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    Quote Originally Posted by socalboomer View Post
    really? 12mph is SLOW. . . I mean really SLOW.
    .
    NOt when you run into a baby stroller. Or an old woman with osteoperosis.
    Not too much to say here

  17. #17
    Senior Member maddyfish's Avatar
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    Quote Originally Posted by JackTheLadd View Post
    M'kay. But do you think it would be ok if the cops targeted just car drivers going over 65, or they let other vehicle types off scott free from all their (frequent) transgressions on the same roads?
    If they judge the cars to be the most dangerous things on the road breaking the law, then yes, I think selective enforcement is the way to go.

    If you look at one of the paths, the most dangerous user is the bicycle. If a stroller bumps into a walker then nobody is hurt. If a bike at 20 mph hits a stroller, then major injuries are likley.

    The speed limit on any road/path should be set to protect the most vulnerable user of the path/road.
    Not too much to say here

  18. #18
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    Quote Originally Posted by Pedaleur View Post
    Are you riding all the way in to Copenhagen from Roskilde? Egads. How long does that take at whatever speed you're riding?
    Yes, both ways, all weathers, all year round. Averages around 2 hours for a round trip.

  19. #19
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    Just curious -- are they tracking you with a radar *** to get your speed? Oops -- read the article after-the-post; can't believe they are wasting time/effort doing this vs. time spent on real traffic speeding ........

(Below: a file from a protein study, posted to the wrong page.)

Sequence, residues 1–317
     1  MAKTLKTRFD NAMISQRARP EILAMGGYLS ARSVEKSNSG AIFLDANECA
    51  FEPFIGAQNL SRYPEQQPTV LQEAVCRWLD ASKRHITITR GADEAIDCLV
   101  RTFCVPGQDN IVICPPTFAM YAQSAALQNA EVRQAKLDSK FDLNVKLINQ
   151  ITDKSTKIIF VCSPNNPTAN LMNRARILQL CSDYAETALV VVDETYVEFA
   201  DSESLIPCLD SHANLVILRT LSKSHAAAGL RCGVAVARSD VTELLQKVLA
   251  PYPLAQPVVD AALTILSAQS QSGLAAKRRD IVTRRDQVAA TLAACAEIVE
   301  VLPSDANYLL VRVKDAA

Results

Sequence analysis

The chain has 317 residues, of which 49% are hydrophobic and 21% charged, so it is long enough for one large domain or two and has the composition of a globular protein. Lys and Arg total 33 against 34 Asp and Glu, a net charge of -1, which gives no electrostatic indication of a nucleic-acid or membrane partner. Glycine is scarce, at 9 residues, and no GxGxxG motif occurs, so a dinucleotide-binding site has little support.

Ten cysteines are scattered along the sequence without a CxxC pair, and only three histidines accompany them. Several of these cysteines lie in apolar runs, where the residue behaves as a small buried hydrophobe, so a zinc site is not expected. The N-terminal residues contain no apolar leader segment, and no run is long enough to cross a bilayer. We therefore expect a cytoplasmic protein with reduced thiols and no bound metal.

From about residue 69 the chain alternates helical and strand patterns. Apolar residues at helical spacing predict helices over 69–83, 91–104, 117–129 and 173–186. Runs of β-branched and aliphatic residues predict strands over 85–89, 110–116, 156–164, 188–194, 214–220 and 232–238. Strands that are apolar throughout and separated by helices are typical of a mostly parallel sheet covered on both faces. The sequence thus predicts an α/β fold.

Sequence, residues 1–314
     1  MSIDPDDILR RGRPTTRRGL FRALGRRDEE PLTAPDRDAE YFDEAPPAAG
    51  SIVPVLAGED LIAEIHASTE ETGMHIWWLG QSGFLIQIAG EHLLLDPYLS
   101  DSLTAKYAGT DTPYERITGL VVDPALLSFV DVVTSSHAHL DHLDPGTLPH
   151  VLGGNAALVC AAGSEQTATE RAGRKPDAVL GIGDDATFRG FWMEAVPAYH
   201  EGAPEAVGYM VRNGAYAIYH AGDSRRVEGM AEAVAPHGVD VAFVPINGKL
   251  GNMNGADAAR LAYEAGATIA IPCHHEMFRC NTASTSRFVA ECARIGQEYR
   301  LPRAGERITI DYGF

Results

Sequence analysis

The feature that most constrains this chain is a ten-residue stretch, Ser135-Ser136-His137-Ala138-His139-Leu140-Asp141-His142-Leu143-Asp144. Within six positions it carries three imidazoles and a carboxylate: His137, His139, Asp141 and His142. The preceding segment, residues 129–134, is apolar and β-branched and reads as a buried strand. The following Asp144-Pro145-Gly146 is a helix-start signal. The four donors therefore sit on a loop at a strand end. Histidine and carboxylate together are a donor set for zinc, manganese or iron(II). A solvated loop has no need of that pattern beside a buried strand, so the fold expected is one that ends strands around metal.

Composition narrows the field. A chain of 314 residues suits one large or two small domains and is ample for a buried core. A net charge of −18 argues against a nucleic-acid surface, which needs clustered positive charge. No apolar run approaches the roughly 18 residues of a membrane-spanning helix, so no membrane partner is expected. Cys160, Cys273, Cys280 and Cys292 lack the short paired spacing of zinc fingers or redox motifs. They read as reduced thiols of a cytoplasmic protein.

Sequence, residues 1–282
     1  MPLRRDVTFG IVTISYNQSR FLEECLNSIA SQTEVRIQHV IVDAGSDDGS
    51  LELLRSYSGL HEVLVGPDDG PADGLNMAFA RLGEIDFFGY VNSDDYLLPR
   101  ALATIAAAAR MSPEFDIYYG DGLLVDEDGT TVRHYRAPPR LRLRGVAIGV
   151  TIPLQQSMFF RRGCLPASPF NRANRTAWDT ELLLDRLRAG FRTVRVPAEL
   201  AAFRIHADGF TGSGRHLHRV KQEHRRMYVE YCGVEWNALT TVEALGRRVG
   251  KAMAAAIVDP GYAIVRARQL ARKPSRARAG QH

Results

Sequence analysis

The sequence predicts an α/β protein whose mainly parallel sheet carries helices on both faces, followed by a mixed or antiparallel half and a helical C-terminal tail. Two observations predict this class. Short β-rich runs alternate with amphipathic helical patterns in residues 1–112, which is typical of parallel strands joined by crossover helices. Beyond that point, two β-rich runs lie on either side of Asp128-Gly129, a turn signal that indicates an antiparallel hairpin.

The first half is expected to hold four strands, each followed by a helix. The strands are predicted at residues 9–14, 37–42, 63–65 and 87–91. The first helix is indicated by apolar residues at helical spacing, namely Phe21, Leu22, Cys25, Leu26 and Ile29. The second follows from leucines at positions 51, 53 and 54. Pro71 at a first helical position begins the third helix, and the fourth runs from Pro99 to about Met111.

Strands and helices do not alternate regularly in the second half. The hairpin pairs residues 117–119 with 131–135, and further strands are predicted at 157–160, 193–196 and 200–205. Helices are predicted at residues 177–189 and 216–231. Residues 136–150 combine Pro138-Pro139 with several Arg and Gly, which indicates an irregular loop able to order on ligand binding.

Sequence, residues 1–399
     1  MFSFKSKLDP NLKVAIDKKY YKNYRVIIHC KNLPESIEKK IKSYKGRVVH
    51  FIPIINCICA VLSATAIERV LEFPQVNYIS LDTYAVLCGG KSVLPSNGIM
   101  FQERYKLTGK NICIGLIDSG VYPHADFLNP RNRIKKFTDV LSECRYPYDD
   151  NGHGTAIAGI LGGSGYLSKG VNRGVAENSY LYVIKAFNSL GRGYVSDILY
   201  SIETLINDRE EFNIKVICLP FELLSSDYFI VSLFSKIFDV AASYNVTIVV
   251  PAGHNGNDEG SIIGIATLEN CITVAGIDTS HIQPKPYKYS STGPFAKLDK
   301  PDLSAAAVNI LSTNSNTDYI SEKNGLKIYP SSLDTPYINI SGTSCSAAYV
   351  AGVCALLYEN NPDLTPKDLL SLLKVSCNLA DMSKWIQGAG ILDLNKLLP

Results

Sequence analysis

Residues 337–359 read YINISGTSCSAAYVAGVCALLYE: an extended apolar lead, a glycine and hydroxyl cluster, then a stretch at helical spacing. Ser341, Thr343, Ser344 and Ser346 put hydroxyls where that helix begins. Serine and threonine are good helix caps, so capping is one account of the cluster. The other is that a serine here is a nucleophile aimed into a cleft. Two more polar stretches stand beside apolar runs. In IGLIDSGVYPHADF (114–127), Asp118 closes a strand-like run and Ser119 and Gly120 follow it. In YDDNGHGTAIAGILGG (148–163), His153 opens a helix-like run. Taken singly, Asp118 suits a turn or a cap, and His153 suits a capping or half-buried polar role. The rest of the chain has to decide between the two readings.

Last edited by APbikn; 08-08-08 at 09:11 AM.

  20. #20
    totally louche Bekologist's Avatar
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    great to hear calgary's constables are quelling heinous crimes such as speeding on the MUP. I wonder if people get injured by Calgary motorists not following speed limits, and if enforcement efforts might be better directed there?

    how many injuries happen on calgary bike paths? is it truly like walking the gauntlet?

    What got the mounties plusfours in a bunch? overzealous walking advocates? a legislator buzzed by the trail pelotons while on a weekend stroll?
    Did a dog get squashed recently, causing animal rights activists to mobilize against speeding on the MUP?
    Last edited by Bekologist; 08-08-08 at 08:06 AM.

  21. #21
    Al noisebeam's Avatar
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    Is it zero tolerance? Or are they just targeting the top reckless speeders?

  22. #22
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    It sounds like zero tolerance so far. Six to eight Bylaw officers pulling in dastardly commuters and ticketing them.

    I actually tried riding at 20kmph today for a bit, I couldn't, kept "speeding"

  23. #23
    Al noisebeam's Avatar
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    Are roadway speed limits enforced with zero tolerance? If not why the difference?

    In Arizona, US - speeders are 'given' an 11mph (17kph) over tolerance.

    "Why are speeders allowed an 11 mph buffer?